Loretta Lynch Heads To Baltimore After Her First Turbulent Week As Attorney General
After a long delay in her appointment, in large part due to a stubborn Republican-led Congress, it has perhaps been one of the most tumultuous first weeks on the job in recent history for a newly-appointed U.S. Attorney General. On Tuesday, Loretta Lynch travelled to Baltimore, the heart of ongoing racial and police-community tensions in the nation, as she focuses her efforts on her first and most pressing task yet as AG.
Accompanied by other Justice Department officials — Vanita Gupta, head of the Civil Rights Division; Ronald Davis, Director the Office of Community Oriented Policing Services; and Grande Lum, Director of the Community Relations Service — Lynch will meet with Baltimore city and law enforcement officials, Congress members, as well as religious and community leaders, Politico reported.
Lynch has had a tumultuous first week as Attorney General, dominated by Baltimore as the nation yet again confronts racial injustice in communities. Tensions, long simmering under the surface of a precarious calm, boiled over in the wake of Freddie Gray's mysterious death in April. Her visit comes days after Maryland state's attorney for Baltimore, Marilyn Mosby, charged six police officers for crimes including murder and manslaughter in Gray's arrest, fatal spinal injury, and subsequent death while under police custody.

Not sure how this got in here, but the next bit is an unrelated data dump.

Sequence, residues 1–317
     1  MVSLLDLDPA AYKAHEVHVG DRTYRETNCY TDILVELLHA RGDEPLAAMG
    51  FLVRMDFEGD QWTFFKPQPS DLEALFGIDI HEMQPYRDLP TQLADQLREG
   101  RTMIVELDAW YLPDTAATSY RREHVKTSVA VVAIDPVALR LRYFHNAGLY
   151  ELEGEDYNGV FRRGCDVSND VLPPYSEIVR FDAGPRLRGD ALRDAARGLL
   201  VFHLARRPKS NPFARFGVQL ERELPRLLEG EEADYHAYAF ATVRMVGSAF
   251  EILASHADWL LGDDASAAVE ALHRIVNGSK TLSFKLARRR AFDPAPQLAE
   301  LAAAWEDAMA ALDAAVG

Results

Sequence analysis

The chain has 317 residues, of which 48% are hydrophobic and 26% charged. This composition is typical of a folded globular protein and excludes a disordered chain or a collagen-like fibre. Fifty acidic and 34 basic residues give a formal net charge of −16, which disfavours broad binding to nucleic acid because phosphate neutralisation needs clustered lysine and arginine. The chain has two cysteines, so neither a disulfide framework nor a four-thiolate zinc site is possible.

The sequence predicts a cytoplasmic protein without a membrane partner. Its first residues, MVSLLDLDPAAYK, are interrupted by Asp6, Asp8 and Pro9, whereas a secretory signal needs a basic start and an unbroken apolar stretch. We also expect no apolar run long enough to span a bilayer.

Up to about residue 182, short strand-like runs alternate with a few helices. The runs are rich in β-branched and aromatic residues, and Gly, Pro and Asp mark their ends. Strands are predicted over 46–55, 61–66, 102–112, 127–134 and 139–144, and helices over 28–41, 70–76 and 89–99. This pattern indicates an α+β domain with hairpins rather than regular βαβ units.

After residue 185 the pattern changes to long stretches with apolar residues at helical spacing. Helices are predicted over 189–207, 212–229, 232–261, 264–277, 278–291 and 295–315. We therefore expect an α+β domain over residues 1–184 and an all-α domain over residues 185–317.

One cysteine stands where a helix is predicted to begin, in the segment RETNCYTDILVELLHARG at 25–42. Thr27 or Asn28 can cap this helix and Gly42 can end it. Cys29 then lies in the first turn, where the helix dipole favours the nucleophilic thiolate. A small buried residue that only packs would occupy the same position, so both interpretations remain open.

Her first day on the job saw her brief President Obama on the situation in Baltimore, and last week, she announced a $20 million pilot program to equip police officers across the nation with body cameras to help law enforcement agencies better its relationship with the communities it policed.
In the wake of clashes over the past few months in various cities that took on a racial overtone, Obama has become more outspoken on race issues. On Monday in the Bronx, he launched a non-profit organization called "My Brother's Keeper Alliance" aimed at supporting young men of color from disadvantaged communities as they transition into adulthood. Last week, Obama said he likely would not visit Baltimore in the near future because he did not want to use up resources that could be put towards more crucial matters, such as keeping peace in the city.
Like Lynch, Obama has been in direct contact with Maryland Gov. Larry Hogan and Baltimore Mayor Stephanie Rawlings-Blake, who had struggled to toe the fine line between appeasing an angry, long-oppressed community while keeping the beleaguered city calm.
In an all-too-familiar scenario, Baltimore's demonstration against police brutality turned violent after days of peaceful protests, with scenes of rioting and looting, repeatedly shown on national media, calming down only after a city-wide curfew was imposed and the National Guard deployed. On Sunday, amid markedly more peaceful conditions, the curfew was lifted, and the National Guard announced that it will withdraw its troops within the next few days.
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